Safety first

One of the threats to personal safety in a motorhome or caravan is fire. Fortunately, it seems to be a rare event; even so, prevention is way better than cure. Here are a few tips to ensure that fire remains a minimal risk:

A few pre-travel safety checks means more time for family fun
  • Clean the stove grill and rangehood frequently to prevent a build-up of fats.
  • Don’t leave cooking unattended, even for a minute.
  • Don’t have curtains near the stove and watch where you put tea towels.
  • Park at least three metres from your neighbour.
  • Carry a smoke alarm. There are no special smoke alarms for RVs. Smoke alarms use either photoelectric or ionisation sensors to detect smoke. Some have both types of sensor. An ionisation detector is more effective in detecting flaming fires; photoelectric better discerns a smouldering fire. Mini versions are available if you need a mobile alarm to place in the awning or elsewhere.
  • It is also a good idea to have a dedicated ‘snuffer’ on board. The New Zealand Fire Service recommends wet-chemical and ABE dry-powder extinguishers for motorhomes and caravans. Alternatively, have an ABE dry-powder extinguisher and a fire blanket. Learn how to use the equipment; there’s no time to read the instructions in the heat of the moment (pun intended). Aim the jet at the base of the fire, not the top, when using an extinguisher. Let’s hope you never have to.
Keep a fire extinguisher on board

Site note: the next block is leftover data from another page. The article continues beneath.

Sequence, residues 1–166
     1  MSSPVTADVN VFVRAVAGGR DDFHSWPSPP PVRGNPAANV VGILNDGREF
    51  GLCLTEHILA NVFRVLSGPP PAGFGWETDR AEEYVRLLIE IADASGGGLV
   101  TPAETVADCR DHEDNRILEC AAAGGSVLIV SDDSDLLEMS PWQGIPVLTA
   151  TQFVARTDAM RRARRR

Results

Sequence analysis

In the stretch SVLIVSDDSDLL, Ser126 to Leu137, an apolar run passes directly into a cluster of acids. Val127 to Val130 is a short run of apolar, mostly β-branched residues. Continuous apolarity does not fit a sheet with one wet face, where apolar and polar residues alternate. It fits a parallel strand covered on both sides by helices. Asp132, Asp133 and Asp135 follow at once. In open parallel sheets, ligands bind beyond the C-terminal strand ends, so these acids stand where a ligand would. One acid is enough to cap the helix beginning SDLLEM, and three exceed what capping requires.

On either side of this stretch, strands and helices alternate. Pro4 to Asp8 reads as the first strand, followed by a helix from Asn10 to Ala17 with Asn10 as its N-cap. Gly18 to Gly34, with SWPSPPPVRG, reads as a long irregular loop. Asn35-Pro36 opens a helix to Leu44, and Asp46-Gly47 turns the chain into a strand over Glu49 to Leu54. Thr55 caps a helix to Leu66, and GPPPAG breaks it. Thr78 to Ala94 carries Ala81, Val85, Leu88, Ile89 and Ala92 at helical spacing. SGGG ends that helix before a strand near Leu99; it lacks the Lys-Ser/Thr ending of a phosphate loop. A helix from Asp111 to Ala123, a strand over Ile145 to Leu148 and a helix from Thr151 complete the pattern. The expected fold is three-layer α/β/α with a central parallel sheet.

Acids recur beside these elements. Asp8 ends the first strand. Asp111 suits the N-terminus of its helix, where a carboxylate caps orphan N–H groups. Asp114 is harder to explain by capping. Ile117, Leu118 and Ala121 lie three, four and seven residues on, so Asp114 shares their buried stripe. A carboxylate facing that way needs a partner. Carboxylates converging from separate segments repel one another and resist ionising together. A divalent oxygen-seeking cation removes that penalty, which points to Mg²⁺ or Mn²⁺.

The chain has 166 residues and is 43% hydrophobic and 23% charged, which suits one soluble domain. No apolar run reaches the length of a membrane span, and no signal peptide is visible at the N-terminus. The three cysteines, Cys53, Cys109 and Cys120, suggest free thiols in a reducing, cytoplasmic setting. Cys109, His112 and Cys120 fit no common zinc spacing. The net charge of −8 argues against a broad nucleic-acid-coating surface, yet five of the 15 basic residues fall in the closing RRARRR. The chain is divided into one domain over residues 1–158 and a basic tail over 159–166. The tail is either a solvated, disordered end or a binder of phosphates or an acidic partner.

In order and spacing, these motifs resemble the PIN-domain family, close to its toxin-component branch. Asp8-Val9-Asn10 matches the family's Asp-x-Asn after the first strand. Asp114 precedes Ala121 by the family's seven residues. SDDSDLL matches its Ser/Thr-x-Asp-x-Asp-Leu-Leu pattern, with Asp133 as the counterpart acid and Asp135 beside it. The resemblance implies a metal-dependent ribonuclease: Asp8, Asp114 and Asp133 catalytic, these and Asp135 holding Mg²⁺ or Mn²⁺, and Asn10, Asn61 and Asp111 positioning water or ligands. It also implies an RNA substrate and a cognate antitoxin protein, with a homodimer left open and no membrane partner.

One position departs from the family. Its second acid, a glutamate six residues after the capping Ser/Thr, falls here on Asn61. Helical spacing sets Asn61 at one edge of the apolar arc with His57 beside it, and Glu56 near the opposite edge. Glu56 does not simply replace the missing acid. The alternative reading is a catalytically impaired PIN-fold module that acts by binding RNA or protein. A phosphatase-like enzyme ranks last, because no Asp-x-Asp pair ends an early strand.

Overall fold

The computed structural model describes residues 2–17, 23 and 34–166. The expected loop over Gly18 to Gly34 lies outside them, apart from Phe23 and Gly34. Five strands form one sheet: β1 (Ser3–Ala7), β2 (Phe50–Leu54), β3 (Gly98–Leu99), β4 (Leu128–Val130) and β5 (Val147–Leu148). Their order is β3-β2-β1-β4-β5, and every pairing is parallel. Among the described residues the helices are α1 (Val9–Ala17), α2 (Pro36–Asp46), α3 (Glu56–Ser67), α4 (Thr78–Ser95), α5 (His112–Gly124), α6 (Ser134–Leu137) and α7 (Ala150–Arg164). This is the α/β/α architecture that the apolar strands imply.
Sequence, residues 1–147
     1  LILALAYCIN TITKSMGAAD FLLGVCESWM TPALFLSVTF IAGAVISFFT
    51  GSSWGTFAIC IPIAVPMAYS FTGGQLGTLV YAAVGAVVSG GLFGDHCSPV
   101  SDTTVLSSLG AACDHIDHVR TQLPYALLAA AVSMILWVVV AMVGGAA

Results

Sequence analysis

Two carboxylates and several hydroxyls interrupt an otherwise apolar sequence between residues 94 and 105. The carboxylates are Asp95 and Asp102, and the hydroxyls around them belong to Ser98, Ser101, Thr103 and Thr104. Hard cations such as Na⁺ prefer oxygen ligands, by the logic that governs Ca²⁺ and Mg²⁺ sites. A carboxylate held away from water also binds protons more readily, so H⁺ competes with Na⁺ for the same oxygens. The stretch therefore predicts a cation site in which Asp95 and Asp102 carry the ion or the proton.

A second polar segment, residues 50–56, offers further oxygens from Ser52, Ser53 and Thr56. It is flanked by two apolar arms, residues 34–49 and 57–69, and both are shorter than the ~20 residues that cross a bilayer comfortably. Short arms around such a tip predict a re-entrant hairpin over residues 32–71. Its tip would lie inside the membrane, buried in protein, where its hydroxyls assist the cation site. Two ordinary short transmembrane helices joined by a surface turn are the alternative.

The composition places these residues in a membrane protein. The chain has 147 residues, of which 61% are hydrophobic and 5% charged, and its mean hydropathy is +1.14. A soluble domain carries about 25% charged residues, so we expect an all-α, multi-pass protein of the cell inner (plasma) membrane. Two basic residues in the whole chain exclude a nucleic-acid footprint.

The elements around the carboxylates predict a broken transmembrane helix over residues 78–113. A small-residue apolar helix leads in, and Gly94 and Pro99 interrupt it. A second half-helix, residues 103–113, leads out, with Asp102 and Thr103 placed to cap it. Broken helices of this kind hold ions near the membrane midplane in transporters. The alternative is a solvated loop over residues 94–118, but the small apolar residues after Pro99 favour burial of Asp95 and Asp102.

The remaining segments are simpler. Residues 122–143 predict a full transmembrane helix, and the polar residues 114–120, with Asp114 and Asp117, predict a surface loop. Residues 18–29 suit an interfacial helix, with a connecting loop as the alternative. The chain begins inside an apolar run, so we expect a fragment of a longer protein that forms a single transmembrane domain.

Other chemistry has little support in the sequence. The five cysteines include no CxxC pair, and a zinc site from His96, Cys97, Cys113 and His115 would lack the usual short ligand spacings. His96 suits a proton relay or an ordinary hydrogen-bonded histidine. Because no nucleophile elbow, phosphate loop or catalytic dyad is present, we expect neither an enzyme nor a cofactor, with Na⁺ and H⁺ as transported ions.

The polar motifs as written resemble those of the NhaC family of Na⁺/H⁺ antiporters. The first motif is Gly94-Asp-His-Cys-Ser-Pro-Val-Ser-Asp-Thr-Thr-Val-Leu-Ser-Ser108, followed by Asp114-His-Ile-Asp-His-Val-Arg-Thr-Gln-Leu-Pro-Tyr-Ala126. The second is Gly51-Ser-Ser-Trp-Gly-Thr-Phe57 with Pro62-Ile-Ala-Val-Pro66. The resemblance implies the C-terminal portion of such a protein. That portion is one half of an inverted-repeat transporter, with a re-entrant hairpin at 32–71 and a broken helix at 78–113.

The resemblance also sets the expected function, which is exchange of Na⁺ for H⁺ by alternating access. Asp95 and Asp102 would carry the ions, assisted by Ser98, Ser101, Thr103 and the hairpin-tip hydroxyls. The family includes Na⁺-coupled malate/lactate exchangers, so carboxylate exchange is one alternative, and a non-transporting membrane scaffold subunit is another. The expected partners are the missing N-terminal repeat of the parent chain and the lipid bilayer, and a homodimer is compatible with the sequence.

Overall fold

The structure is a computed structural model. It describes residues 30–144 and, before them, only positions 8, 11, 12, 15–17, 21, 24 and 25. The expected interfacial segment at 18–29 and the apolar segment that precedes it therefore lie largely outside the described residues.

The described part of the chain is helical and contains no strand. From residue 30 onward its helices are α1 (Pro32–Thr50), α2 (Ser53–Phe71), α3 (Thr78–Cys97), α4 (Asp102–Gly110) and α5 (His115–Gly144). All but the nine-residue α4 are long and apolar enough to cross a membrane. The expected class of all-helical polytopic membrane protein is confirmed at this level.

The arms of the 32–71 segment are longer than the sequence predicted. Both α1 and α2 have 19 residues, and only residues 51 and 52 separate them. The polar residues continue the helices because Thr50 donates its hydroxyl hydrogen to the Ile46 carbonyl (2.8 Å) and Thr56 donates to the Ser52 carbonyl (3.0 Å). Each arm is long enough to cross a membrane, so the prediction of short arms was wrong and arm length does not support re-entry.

Kitchen calamities

RV fires most often occur in kitchens. If the worst should happen, here is the procedure to follow:

  • Don’t panic (easier said than done).
  • Deprive the fire of oxygen. Use a pot lid, a cutting board, a dampened tea towel, fire blanket, or anything similar at hand. If you lift the snuffer, the fire will burst into life again.
  • Turn off the source of heat if you can - at the stove or the gas bottle.
  • Leave the pot/fry pan where it is. Attempt to remove it, and you could trip or drop it.
  • Never throw water on an oil fire. The explosion is terrifying. If ever you wanted to fry in hell that is a simple way of going about it.

Detecting trouble

Smoke alarms are a must in your RV

Detectors other than smoke alarms are also important.

  • CO alarm: Highly toxic, carbon monoxide gas is undetectable without a device. It forms from the incomplete combustion of material containing carbon, such as LPG gas. The risk of exposure to carbon monoxide from portable devices is high in RVs and boats because of the small spaces. For that reason, it’s a good idea to ensure you have proper ventilation when cooking or heating with LPG. If the flame is yellow or partly yellow rather than blue, it indicates that the gas is not only burning inefficiently but will also be releasing CO. This could be an appliance problem or an incorrect ratio of LPG to oxygen and could be dangerous. There are several types of CO alarms, and their placement doesn’t matter as carbon monoxide spreads evenly.